Tuesday, September 28, 2010

Allergy is no joke!

I tend not to get caught up in the hype that is constantly aflutter surrounding food allergies. I will openly talk to anyone who broaches the topic as it is a HUGE part of my life, as my 7yr old daughter suffers Anaphylaxis.

Jessica is anaphylactic to treenuts, sesame and latex.

She is reactive to egg, potato, peanut, banana, dust, mould, animal dander, rodents, grass, pollen, and a myriad of other things. She also has severe eczema (currently 90% controlled with immunossupression therapy) and asthma. All of which interact.

Now, allergy, anaphylaxis, intolerance are definitely "buzz" words at the moment. I'm not so sure many people really understand the difference between an intolerance and anaphylaxis. Hell, Blogger is even flagging Anaphylaxis and Anaphylactic as spelling errors, so clearly not even in their dictionary!

Anaphylxis Australia describes Anaphylaxis to mean..
(source http://www.allergyfacts.org.au/whatis.html)
Anaphylaxis is the most severe form of allergic reaction and is potentially life threatening. It must be treated as a medical emergency, requiring immediate treatment and urgent medical attention.
Anaphylaxis is a generalised allergic reaction, which often involves more than one body system (e.g. skin, respiratory, gastro-intestinal, cardiovascular). A severe allergic reaction usually occurs within 20 minutes of exposure to the trigger and can rapidly become life threatening.

This is what we, the parents (and the sufferers) fail to get people to understand. 


Having a child who suffers anaphylaxis is terrifying! Here I was worried about school yard bullying, and yet the problem is SOO much bigger. In the last week, an Australian network (Channel 9) allowed a comedian onto their popular TV show entitled "The Footy Show". I am choosing not to name the comedian, link his website nor the YouTube video of his performance on the Footy Show as it will only increase his profile! So anyways, this "comedian" (trust me, I use the term lightly) decided to mock children with food allergies.

What the hell was Channel 9 thinking???

They would never have allowed a comedian on air mocking children with Cancer or other terminal illness, which in many ways, Anaphylaxis is. I was alerted to this controversial topic through my Anaphylaxis Talk forum friends as a group had been formed on Facebook. There are many furious people.

I read on the Facebook page today that The Footy Show is "considering airing an apology" on their next show. TOO LATE! 

You've just let the entire country think that food allergy is something comical, a joke, something not to take seriously! 

I have been thinking about this topic over and over for 3 days now. At first I did not join the group, though I did watch the YouTube video of the comedian's performance, I went to his website and saw he is so unoriginal that it wasn't a new skit, but something he has been using for some time. How un-funny does a person have to be to mock ill children?!?! He claimed in his skit to be a father of a 13yr old, who knows if this is true, but if it is he has clearly been blessed with healthy children. Something not all of us are so fortunate to receive.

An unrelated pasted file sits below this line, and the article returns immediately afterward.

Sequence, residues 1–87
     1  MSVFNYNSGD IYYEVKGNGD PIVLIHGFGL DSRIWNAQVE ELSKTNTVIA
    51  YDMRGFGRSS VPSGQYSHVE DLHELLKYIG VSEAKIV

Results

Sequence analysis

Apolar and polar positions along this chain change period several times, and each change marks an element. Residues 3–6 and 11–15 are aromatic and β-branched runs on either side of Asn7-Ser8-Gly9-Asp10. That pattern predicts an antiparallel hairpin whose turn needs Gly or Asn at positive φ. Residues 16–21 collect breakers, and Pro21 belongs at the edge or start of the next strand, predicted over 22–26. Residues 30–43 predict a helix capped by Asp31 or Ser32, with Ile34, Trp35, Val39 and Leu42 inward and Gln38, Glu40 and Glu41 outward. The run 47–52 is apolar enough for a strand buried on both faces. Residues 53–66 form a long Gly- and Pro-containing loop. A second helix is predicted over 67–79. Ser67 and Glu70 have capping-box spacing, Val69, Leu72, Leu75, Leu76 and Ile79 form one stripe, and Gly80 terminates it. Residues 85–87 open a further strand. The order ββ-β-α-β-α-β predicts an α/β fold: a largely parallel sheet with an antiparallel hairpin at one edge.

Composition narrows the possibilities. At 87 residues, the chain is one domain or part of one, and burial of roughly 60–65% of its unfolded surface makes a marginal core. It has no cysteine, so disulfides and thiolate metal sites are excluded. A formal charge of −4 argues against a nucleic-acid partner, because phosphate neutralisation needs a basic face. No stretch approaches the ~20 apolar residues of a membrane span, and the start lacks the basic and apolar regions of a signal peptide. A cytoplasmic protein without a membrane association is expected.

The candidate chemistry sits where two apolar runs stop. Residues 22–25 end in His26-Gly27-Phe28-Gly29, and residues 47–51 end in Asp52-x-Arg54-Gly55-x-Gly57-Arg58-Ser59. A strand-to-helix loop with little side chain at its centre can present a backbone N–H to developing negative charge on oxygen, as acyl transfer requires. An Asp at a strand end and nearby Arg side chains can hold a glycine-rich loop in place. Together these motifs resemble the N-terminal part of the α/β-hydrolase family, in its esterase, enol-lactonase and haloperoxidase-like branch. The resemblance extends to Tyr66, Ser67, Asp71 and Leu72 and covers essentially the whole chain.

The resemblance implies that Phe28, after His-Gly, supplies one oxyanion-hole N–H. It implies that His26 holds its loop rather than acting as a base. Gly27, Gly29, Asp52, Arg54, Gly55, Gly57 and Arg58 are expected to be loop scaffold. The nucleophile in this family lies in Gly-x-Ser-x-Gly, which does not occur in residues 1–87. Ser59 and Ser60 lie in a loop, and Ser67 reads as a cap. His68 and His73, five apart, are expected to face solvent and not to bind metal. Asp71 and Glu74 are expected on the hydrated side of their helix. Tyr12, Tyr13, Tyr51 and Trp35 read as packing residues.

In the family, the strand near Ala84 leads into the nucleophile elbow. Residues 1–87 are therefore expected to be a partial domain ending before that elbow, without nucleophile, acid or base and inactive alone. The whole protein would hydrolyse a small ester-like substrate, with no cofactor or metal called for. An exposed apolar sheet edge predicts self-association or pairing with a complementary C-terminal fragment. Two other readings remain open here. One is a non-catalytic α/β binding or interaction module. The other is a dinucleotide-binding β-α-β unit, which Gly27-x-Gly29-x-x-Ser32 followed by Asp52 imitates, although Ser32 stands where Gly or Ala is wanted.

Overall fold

Anaphylaxis sufferers (it annoys me when people say "food allergy sufferers" because bee stings, medicine, latex.. so many non-food items can cause the exact same responses) in Australia struggle to be recognized as having a serious medical condition. The must carry Epinephren Auto Injectors (commonly known by the brand name EpiPen) with them everywhere just in case of a reaction. To school, to lunch at the cafe, to the park and the pool. Everywhere! An autoinjector is filled with adrenalin and injected (yes, as in needle) into a persons thigh in times of severe reaction. Do you know the signs of Anaphylaxis?

From Anaphylaxis Australia
Mild to moderate allergic reaction
• Tingling of the mouth
• Hives, welts or body redness
• Swelling of the face, lips, eyes
• Vomiting, abdominal pain

Severe allergic reaction- ANAPHYLAXIS
• Difficulty and/or noisy breathing
• Swelling of the tongue
• Swelling or tightness in the throat
• Difficulty talking or hoarse voice
• Wheeze or persistent cough
• Loss of consciousness and/or collapse
• Pale and floppy (young children)

My daughter Jessica suffered an anaphylactic reaction in November last year and it was terrifying! She wears a MedicAlert bracelet always. She doesn't take it off to sleep, shower, swim.. I replace it as she grows or things change, I always include my phone number. My biggest fear is losing her. All parents could lose their children, but I know the risks are so much higher with Jessi due to the speed at which Anaphylaxis can kill.